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The Ecstasy of Medi[t]ation explores the diverse interrelations between the current nomadic life in public transportation and the constant contamination with the mobile phone. Through the whole work, the sound of electro-magnetic radiation of a mobile phone is used to inscribe the intimate, contagious, and also meditative nature of the mobile phone utilisation in our lives.

The Ecstasy of Medi[t]ation also draws inspiration from two texts. One of them is “The Ecstasy of Communication” (1987) by Jean Baudrillard. He discusses the contemporary loss of public space that overlaps with the constant loss of private space. Baudrillard states that “[t]he most intimate processes of our life become the virtual feeding ground of the media.” This insight is investigated in the work through the interaction between the tactile sounds and the constantly mutating radiation flow that creates a certain digital epidermis for both the protagonist and the listener of the work. In a way, this digital epidermis is the joint skin that oscillates between the radio listener and the sounding events in the work. Additionally, some features in the sound processing in this work treat the radio as a fragile and organic surface, as a visceral mediatisation of the intimate memories, dreams, thoughts and unconsciousness of humans.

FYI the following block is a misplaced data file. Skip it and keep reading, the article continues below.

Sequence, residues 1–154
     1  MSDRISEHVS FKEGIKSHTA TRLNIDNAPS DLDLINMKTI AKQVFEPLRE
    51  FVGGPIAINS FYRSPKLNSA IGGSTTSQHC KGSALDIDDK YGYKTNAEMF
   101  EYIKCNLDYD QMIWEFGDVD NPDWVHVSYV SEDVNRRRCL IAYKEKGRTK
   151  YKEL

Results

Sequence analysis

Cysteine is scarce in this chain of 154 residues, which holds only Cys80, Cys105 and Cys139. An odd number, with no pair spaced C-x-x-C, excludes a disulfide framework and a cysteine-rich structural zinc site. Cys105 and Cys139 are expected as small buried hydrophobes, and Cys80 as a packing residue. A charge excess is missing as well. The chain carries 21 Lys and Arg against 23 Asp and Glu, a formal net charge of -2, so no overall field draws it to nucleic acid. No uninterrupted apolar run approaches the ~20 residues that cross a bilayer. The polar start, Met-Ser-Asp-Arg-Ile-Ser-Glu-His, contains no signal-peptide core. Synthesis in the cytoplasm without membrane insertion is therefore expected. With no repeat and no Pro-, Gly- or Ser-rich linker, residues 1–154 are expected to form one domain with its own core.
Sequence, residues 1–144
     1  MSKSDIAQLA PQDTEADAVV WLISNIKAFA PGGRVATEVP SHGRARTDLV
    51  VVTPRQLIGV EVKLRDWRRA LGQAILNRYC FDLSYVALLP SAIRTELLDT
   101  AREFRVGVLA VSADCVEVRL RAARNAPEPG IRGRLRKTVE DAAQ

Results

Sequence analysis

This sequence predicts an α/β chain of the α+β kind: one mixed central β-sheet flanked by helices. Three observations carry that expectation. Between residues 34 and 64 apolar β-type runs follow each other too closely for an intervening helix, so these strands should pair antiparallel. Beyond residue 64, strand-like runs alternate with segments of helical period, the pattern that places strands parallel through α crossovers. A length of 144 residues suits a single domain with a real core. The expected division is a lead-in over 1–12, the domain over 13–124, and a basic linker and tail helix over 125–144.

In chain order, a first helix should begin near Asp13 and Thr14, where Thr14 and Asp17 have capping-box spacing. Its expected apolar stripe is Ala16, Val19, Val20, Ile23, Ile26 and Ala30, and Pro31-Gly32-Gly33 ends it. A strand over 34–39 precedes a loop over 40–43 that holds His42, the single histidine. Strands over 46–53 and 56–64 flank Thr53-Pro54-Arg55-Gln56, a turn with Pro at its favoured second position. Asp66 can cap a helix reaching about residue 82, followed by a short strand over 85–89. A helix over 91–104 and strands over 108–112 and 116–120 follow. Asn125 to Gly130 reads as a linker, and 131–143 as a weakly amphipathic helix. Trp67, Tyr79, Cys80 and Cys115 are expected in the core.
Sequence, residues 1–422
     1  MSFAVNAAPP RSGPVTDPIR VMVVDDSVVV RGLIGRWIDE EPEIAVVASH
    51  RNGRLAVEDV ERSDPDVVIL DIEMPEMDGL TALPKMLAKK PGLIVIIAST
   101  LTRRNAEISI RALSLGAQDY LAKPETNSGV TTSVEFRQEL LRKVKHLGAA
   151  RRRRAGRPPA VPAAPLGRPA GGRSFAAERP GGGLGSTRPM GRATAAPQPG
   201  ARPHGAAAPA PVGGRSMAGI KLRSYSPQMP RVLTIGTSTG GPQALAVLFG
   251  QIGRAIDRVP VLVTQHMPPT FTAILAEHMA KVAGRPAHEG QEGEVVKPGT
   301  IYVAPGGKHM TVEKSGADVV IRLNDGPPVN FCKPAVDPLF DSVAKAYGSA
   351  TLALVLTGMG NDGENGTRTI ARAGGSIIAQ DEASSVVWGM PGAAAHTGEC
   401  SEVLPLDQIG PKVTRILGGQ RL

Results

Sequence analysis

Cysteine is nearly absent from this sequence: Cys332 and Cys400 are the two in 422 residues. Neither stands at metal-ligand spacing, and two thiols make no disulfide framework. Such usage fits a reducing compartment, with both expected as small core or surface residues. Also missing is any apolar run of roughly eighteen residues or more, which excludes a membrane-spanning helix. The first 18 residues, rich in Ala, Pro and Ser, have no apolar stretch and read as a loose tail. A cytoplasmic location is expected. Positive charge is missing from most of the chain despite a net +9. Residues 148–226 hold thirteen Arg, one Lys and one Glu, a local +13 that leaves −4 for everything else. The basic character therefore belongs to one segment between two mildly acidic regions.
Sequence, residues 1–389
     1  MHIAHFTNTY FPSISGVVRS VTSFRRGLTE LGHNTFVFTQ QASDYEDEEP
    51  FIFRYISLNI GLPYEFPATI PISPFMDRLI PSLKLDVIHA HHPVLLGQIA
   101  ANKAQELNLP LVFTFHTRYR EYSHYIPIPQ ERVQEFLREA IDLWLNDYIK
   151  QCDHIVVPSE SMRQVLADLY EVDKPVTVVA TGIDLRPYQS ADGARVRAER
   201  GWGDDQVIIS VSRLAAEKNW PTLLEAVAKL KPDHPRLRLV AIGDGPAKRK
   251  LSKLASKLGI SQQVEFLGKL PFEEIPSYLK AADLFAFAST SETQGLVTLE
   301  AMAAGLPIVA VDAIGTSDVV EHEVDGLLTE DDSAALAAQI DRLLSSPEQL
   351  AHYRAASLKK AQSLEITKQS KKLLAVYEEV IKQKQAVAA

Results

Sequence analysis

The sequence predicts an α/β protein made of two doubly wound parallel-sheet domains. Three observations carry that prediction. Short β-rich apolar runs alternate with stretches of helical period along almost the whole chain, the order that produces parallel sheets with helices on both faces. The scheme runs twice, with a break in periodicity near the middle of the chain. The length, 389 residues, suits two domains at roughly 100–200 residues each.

The other inspiring text is Donna Haraway’s “Cyborg Manifesto” (1991), and particularly its’ chart of dichotomies in the context of “the informatics of domination.” Instead of essential properties, Haraway suggests to think the dichotomies “in terms of design, boundary constrains, rates of flows, system logics, costs of lowering constrains.” The simultaneously spoken dichotomies emanate within the transforming spaces/states of the audible presents/pasts.

The Ecstasy of Medi[t]ation was chosen to the Prix Phonurgia Nova 2013 listening seances.



Under the Bridge at 66°34 N

Under the Bridge at 66°34 N is an unedited field recording that I made in Rovaniemi, Northern Finland. While sitting on the riverside (Ounasjoki river), I started to listen to the expansion joints of the bridge on the highway 4.

A random “percussion” that were created by the loud rhythms of the joints fragmented beautifully the continuous flux of the truck traffic.

I went under the bridge, and under these joints and recorded  through the water pipe that transmitted the sounds from the surface of the bridge.



Originally published at Green Field Recordings Sound Compilation “World Listening Day 2013”